Nearly three weeks later, on October 1, 2013, Tolchin submitted a "Declaration of Robert J. Tolchin" ("Declaration") via ECF in Gilmore in which he wrote:

2. Documents filed by the Palestinian Authority ("PA") in the Sokolow case from its own files, including documents bates numbered 02:009501-9504 and 02:009642-9652, which defendants have improperly marked as "confidential" (and so cannot be submitted in Gilmore at this time), show that contrary to his deposition testimony in the instant case [CONFIDENTIAL INFORMATION].
3. The documents, which are marked confidential in Sokolow and cannot be placed before this Court at this time due to the terms of the confidentiality order, detail the [CONFIDENTIAL INFORMATION] and contradict the defendant's assertion.... The defendants should not be permitted to use that confidentiality order as a sword and a shield, advocating a position they know is false while hiding behind the obscurantist designation of incriminating documents that would refute their position as confidential.' If defendants' counsel do not promptly inform this Court of the truth of [CONFIDENTIAL INFORMATION], which is their duty as officers of this Court, the plaintiffs will seek appropriate relief
4. Defendants have also produced documents in the Sokolow Case showing that [CONFIDENTIAL INFORMATION]. Defendants have improperly marked these documents as "confidential" (and so they cannot be submitted in Gilmore at this time), despite the fact that [CONFIDENTIAL INFORMATION] is not confidential and is also referenced in his statement of April 16, 2002 to the Israeli police.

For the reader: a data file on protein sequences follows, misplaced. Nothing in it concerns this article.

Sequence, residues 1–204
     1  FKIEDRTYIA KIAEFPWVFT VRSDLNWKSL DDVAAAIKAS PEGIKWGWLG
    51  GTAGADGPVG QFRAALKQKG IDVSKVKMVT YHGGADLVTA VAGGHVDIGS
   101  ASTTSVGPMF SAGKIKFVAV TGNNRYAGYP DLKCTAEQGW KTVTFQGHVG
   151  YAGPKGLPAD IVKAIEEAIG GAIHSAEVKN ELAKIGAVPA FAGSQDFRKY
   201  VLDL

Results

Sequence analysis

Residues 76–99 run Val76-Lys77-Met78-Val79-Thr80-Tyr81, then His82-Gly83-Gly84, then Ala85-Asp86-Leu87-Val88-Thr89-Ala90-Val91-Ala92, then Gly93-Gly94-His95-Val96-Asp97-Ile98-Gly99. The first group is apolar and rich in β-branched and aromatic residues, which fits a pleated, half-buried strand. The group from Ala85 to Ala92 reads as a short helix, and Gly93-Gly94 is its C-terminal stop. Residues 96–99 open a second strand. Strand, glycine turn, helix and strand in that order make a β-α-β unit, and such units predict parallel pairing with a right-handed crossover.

(Declaration of Robert J. Tolchin, ¶ 2-4.)

On October 4, 2013, Hill submitted a letter to the Court requesting an informal conference, pursuant to Local Civil Rule 37.2 and this Court's Individual Practice Rule 2.A, to determine whether To!chin had violated the Protective Order. (Letter from Defendants, October 4, 2013 at 1.) On October 10. 2013, To!chin responded. In his defense, he stated: (1) the Declaration does not violate the Protective Order because To!chin was "extremely careful to describe [the documents] in the most general terms without disclosing any even arguably confidential information"; and (2) the Court should instead sanction defense counsel for abusing the Protective Order. (Letter from Plaintiffs, October 10, 2013 at 1.) Further letters were exchanged, and, on October 15, 2013, the Court held a teleconference to conduct a factual inquiry into the allegations of both attorneys' misconduct. When asked why he did not challenge the confidentiality designation before the Court rather than risk violating the Protective Order, Tolchin said that he did not think it was necessary because he framed the Declaration in a manner to avoid revealing confidential ...